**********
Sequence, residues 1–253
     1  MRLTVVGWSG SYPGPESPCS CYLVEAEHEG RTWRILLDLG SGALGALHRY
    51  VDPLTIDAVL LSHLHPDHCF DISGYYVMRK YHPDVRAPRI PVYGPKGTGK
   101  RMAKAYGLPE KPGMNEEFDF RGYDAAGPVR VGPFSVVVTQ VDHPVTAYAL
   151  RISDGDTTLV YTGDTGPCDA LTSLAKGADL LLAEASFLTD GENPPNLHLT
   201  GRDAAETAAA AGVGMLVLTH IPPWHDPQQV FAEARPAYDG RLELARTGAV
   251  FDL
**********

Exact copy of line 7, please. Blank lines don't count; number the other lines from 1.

   251  FDL